Khrushchev spent years building his power base; he recruited Marshall Georgy Zhukov and groomed Leonid Brezhnev for the day when he could take the reigns of the Soviet Union in his hands.  He waited for Stalin to die, then slowly built his coalition.  In 1956, Khrushchev denounced Stalin in a speech which angered his pro-Stalin enemies in the ruling presidium  A year later, Molotov, Malenkov and Kaganovich believed they had enough votes to remove Nikita from the government.  They were wrong.  Zhukov, Breszhnev, and a host of other carefully positioned and cultivated men within the communist hierarchy threw their support behind Khrushchev.  Nikita was reaffirmed as First Secretary and his adversaries were voted off the presidium and demoted to minor government positions.

The United States looked favorably on Khrushchev, at least in the beginning.  Seen as much more moderate than the Stalinist hard-liners, Nikita’s purge of the presidium was welcome news to US officials hoping for a thaw in the Cold War.

June 7, 1957 – Ronald Reagan Commencement Speaker at Eureka College

 

Ronald Reagen GE Theater

On June 7, 1957, future Governor of California and President of the United States Ronald Reagan delivered the commencement address at Eureka College.  Reagan was currently appearing on television as the host of General Electric Theater, a popular weekly drama series.  As part of his contract with GE, Reagan spent ten weeks each year touring company production facilities, speaking a conservative, pro-business message to employee groups up to fourteen times a day.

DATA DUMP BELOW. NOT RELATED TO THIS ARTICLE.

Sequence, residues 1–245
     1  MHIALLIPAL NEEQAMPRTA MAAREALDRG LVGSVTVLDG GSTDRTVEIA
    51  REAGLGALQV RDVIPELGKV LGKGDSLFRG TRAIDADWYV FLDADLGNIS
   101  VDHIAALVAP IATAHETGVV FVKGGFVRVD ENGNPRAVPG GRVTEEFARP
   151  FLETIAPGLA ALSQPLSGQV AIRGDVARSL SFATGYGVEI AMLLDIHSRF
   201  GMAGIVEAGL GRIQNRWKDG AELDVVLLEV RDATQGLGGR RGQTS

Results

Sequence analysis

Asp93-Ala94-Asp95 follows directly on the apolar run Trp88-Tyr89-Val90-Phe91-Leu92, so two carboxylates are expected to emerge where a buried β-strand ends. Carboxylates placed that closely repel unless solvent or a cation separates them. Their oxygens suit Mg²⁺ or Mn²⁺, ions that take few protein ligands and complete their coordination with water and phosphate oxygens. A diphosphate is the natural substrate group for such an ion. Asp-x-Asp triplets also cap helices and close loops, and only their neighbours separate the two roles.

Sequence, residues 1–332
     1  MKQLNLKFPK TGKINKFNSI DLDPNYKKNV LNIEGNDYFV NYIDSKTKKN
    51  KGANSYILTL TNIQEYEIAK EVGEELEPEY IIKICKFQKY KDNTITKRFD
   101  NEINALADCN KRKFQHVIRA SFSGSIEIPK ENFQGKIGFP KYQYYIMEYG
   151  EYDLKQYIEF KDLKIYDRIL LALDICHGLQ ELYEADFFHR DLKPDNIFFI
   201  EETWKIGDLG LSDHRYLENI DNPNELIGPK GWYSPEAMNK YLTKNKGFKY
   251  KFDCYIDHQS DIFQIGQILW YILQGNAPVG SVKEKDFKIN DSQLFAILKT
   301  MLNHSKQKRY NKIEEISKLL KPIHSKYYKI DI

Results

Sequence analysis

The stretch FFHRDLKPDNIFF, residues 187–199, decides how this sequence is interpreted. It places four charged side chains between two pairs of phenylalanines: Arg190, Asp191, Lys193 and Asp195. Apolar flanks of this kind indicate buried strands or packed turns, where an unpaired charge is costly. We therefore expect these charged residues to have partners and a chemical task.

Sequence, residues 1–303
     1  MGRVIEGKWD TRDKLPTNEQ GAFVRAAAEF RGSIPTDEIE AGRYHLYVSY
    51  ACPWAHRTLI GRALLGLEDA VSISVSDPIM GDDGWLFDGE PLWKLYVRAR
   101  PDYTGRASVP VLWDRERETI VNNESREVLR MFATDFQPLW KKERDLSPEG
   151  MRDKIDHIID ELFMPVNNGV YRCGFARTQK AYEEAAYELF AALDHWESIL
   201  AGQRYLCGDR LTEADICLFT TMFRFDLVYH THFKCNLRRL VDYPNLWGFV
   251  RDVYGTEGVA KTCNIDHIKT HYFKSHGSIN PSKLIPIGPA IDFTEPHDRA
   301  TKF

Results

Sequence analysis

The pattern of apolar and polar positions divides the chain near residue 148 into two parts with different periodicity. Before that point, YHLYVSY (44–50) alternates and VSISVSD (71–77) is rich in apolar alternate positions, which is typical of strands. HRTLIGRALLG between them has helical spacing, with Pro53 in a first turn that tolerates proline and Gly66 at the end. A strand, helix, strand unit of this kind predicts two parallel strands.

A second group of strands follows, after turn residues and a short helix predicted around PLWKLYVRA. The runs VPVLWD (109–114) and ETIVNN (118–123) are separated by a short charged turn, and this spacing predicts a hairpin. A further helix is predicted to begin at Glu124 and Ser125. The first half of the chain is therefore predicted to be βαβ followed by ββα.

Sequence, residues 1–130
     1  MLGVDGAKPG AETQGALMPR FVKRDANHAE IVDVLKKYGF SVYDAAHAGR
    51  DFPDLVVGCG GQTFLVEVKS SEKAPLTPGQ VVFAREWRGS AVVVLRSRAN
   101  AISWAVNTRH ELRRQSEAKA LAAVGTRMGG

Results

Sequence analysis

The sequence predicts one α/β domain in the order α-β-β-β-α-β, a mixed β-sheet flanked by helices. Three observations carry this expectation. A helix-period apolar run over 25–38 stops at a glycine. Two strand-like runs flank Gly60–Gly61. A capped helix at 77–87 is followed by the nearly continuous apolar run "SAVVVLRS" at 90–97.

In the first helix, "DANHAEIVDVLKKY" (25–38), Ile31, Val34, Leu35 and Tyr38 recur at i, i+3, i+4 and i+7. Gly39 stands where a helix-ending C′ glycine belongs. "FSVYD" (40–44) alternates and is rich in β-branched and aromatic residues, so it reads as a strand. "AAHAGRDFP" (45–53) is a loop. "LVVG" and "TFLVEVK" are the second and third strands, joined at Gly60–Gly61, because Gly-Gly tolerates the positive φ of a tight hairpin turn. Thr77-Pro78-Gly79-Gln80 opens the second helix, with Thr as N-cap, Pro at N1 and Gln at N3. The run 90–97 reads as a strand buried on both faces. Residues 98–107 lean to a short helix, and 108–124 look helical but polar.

At Eureka College, Reagan reviewed the history of America’s fight to “make the world safe for democracy and advance the cause of freedom for all men”.  From the Declaration of Independence, to World War I, World War II, and now the Cold War, the United States fought the same battle, he explained.

“And now, today, we find ourselves involved in another struggle, this time called a “cold war”.  This Cold War between great sovereign nations isn’t really a new struggle at all.  It is the oldest struggle of human kind, as old as man himself.  This is a simple struggle between those of us who believe that man has the dignity and sacred right and the ability to choose and shape his own destiny and those who do not so believe.  This irreconcilable conflict is between those who believe in the sanctity of individual freedom and those who believe in the supremacy of the state.”